Designing the Experiment
The August 5, 1995, mission aboard the Kuiper Airborne Observatory was an excellent opportunity to measure the relationship between cosmic ray intensities and altitude. This may provide a measure of the increased exposure to cosmic rays by passengers on commercial air flights as well as high altitude pilots or astronauts. Continued ground-based experiments by students will extend this data to address many other variables.
Cosmic ray research began in 1911 when researchers, attempting to explain how shielded electroscopes were spontaneously discharging, realized that we are constantly being bombarded by some sort of "rays" from the "cosmos". Subsequent research has shown that these "rays" are actually particles and are divided into two kinds, "primary" and "secondary".
Primary cosmic rays are known to be subatomic particles arriving from outer space which have high energies as a result of their extremely high velocities. About 87% of primary cosmic rays are protons (hydrogen nuclei), and about 12 percent are alpha particles (helium nuclei). Most of these primary cosmic rays have energies of 0.3 GeV (3x108 eV) which corresponds to a velocity of 2/3 the speed of light. However, some "primary" cosmic rays have energies up to 1020 eV. For comparison, the highest energy particles produced in labs here on earth is on the order of 1012 eV.
Very few of these primary particles survive passage through our atmosphere. Here at the surface of the earth, only about 3% of all rays are still primary. Collisions of these primary particles with atoms in our atmosphere produce showers of a variety of energetic particles. These particles in turn decay into other particles. The end result is here under the atmosphere we mostly see muons. Muons are subatomic particles that, like electrons have charges of -1 but have rest masses about 200 times that of the electrons. Essentially, muons are hyper electrons on steroids. Compared to an electron, when a muon slams into something, it is like a collision with a Mack truck on the freeway instead of a schwinn bicycle in the parking lot!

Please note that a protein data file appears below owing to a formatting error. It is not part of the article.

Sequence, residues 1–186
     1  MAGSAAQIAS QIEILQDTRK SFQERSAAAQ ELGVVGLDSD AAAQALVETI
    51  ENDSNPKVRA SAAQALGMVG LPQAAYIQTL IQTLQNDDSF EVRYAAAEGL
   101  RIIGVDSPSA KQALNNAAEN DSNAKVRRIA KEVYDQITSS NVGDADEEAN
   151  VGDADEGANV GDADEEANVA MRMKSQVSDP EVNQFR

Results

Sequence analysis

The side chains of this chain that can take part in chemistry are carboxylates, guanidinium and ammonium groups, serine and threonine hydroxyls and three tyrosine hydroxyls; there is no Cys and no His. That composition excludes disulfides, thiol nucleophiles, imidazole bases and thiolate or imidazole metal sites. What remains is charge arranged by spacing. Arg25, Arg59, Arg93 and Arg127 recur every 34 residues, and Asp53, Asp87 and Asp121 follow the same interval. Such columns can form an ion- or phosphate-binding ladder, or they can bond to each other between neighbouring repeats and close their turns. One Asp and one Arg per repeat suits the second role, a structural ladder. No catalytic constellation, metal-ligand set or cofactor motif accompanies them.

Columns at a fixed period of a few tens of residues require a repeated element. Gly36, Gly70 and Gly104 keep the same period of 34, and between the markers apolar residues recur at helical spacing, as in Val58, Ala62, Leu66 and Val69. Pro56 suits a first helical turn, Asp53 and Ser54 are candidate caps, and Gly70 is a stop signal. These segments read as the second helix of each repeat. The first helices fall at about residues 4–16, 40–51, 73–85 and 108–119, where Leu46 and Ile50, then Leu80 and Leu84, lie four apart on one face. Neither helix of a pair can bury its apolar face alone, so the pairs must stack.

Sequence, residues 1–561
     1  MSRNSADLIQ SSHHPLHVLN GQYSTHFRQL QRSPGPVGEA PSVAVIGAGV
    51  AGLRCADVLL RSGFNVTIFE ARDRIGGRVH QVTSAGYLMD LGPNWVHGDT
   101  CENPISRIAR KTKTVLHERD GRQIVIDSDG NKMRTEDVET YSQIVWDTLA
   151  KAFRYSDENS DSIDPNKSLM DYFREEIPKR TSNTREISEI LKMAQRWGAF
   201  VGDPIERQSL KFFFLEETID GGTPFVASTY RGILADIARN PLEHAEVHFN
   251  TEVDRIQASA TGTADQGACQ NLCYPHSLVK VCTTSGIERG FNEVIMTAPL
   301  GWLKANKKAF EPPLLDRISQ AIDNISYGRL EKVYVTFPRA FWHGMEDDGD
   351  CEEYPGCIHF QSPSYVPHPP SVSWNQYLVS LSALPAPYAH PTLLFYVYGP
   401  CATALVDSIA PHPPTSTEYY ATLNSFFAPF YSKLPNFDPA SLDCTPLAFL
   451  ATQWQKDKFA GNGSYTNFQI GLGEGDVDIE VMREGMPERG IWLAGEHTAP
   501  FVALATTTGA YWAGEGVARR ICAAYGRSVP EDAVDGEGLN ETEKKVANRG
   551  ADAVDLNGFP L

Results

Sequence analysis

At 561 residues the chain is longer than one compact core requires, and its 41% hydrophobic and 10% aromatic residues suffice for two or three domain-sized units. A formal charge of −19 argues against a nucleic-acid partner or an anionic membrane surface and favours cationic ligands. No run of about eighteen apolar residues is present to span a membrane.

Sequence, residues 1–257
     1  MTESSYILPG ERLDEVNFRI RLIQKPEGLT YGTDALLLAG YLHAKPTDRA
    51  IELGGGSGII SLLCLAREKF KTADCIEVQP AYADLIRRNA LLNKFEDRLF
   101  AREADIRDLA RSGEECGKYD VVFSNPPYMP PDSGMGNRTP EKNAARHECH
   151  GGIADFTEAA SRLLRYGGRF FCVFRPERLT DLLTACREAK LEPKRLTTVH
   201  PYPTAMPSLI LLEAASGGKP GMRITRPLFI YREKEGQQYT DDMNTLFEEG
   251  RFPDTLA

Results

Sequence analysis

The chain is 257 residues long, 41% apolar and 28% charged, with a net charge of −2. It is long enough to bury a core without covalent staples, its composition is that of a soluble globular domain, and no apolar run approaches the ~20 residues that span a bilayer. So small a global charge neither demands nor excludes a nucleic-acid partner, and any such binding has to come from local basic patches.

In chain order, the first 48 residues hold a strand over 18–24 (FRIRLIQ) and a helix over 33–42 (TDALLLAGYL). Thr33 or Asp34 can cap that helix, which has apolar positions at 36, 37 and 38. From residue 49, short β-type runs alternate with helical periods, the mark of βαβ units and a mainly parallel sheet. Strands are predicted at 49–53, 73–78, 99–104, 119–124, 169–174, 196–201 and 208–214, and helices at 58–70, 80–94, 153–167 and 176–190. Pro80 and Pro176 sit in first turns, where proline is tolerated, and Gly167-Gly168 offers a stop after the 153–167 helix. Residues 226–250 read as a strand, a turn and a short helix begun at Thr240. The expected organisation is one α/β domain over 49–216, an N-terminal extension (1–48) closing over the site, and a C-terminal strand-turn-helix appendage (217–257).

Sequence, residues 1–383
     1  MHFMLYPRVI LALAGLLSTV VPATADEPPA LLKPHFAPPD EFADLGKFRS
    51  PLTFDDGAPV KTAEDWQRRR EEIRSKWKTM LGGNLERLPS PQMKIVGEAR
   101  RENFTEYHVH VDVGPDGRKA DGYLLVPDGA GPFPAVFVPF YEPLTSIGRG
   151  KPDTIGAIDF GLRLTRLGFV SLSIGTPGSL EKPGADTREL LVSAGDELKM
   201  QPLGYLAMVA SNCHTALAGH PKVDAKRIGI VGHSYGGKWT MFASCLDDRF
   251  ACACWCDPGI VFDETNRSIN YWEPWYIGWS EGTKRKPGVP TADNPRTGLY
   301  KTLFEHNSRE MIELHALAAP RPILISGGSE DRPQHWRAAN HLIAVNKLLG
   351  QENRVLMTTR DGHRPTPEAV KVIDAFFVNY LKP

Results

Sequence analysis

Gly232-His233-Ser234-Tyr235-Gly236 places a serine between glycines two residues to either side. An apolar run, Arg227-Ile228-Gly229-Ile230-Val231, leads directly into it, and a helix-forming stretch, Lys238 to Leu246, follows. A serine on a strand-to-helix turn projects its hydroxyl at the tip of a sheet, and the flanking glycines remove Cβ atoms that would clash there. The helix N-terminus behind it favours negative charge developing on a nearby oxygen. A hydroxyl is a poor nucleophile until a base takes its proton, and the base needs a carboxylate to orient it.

According to the Particle Data book, 75% of all particles at sea level are muons with average energies of about 2 GeV. At this energy, muons lose energy at the rate of 1.3 MeV/g/cm2. The density of air is 0.001 g/cm3 and for comparison, iron is 8 g/cm3. The range (or penetration depth) in air is 1.5 x 106 cm (about 9 miles), on the order of the thickness of our atmosphere. These same muons, on the other hand, have a range in iron of about 190 cm. In other words, shielding us from cosmic rays would require almost 2 meters of iron! This is clearly impractical.
At 41,000 ft we were flying at an altitude of 12.5 km or 7.8 miles.
Based on the ICAO standard Atmosphere model (ref. CRC handbook):
… The composition of the atmosphere varies little from sea level with the exception of water vapor (which is virtually absent above 8-18 km) and carbon dioxide.
… The temperature varies linearly with altitude down to about -50 deg C at 12 km.
… The pressure and density vary approximately as exponential relations with altitude as follows:
where: r = density (kg/m3)
P= air pressure (kg/m2)
h= altitude (km)
Particle Data Group, "Review of Particle Properties", Phys. Rev. D50, part 1, 1994
Harpell, Langeveld, et.al., "The CCRT: an inexpensive cosmic ray muon detector", SLAC-TN-95-1, Stanford Linear Accelerator Center
Willy Langeveld, pc, 7/26/95
"Cosmic Rays", Encarta Æ, Copyright © 1994, Microsoft Corp.
"Handbook of Chemistry & Physics", 50th edition, CRC
Charged particles can be detected by use of "Scintillator" panels. These are sheets of a special plastic that scintillates or sparkles whenever a charged particle passes through it. These sparkles are extremely faint so we must completely block off all other sources of light by wrapping the scintillator panel in many layers of black tape and enclosing a very sensitive detector for light called a "Photomultiplier" or PM tube. Whenever a charged particle passes through the panel it will produce a few photons of light which will in turn, cause the PM tube to produce a tiny pulse of electricity.